Judge Andrew Napolitano presents the case for natural rights (as opposed to positivism) as the foundation of the United States Declaration of Independence and Constitution. He makes his case at the Mises Institute, named after Ludwig Von Mises a past professor from NYU and one of the founders of the Austrian School of economics.
The libertarian Austrian School also claims Frederich von Hayek, Murray Rothbard and Carl Menger as founders along with Mises. The Austrian School rejects much of the mathematicization of contemporary economics, preferring instead a teleological approach to the study of human action. Human actors are rational beings and so in the Austrian School the purpose of human action must be studied with respect to desired ends.
This emphasis on means and ends stands in rather stark contrast to the more positivistic approach of modern economics which tends to be expressed with respect to causes and effects. The difference between the schools of thought is subtle. Modern economics infers causes and effects using advanced statistical models–but the underlying mathematics is based on the experimental methods of the physical sciences. For instance the Black-Scholes options pricing model shares characteristics of the heat equation first developed by Joseph Fourier in 1882.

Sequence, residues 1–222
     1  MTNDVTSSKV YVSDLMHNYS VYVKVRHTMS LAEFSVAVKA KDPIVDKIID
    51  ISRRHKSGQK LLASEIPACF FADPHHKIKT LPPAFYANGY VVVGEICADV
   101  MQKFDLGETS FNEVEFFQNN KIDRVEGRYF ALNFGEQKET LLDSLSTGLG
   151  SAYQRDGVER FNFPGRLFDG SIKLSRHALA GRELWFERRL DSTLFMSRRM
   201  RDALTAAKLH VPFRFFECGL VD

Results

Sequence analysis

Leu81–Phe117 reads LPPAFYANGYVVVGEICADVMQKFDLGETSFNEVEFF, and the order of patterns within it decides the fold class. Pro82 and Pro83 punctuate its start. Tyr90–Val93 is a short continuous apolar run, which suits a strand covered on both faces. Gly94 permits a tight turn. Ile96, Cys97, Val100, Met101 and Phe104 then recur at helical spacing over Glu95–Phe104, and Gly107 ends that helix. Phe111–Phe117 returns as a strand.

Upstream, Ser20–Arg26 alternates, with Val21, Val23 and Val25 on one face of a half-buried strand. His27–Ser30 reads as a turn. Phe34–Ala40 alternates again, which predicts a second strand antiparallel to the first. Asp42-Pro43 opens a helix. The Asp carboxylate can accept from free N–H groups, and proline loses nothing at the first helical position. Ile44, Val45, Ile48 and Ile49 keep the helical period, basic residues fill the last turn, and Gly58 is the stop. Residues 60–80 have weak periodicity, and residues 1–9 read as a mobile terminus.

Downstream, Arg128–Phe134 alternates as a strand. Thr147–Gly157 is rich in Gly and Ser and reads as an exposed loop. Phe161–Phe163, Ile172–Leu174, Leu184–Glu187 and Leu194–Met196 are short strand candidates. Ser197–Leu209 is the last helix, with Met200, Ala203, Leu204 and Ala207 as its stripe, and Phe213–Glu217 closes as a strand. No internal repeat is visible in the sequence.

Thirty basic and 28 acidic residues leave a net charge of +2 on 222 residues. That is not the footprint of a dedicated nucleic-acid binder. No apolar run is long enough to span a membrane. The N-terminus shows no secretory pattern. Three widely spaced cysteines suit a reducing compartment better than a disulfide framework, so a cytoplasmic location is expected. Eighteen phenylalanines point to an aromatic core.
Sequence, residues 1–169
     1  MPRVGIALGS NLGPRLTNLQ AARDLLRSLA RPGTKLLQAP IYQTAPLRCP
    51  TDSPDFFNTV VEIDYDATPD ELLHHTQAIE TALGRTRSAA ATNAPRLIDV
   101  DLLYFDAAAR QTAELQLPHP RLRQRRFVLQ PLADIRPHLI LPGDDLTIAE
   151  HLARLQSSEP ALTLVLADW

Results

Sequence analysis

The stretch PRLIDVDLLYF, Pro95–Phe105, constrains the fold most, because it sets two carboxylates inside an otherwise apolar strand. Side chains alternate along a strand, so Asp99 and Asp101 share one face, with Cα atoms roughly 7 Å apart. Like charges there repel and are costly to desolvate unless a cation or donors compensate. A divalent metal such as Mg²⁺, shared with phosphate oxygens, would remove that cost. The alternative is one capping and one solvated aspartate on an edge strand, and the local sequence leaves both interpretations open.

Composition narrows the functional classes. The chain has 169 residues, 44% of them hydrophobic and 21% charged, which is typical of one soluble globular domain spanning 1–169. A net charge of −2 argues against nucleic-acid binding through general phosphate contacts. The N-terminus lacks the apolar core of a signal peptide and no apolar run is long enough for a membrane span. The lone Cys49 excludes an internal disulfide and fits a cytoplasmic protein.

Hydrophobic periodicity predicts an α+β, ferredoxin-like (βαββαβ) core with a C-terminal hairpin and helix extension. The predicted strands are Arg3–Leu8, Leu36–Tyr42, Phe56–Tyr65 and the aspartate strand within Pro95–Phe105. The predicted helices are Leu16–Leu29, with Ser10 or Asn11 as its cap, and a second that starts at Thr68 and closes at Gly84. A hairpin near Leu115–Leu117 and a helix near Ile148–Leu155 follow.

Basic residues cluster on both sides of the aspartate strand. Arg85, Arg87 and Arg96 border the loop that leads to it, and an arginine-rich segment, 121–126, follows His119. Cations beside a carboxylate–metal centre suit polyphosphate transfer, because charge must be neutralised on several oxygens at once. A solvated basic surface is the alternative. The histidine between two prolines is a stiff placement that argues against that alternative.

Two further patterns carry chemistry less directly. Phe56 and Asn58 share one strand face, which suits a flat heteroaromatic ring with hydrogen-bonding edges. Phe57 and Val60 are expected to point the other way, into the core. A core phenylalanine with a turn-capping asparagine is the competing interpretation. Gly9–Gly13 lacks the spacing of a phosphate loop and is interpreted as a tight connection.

The Austrian model posits voluntary and purposeful human action taken with ends in mind as the proper focus of study. Knowledge and reason drive individual behavior and without planning to do so, through market mechanism they create spontaneous order, to use Hayek’s famous terminology. It is a spontaneous order that no one human being could ever plan or produce because no one person or organization could ever acquire sufficient information and knowledge to do so. But freely transmitted price signals from voluntary transactions in the market provide the necessary knowledge and information for spontaneous order.
The 1 hour lecture by Judge Napolitano, shown below, connects the Natural Law School and the Austrian School and is well worth watching.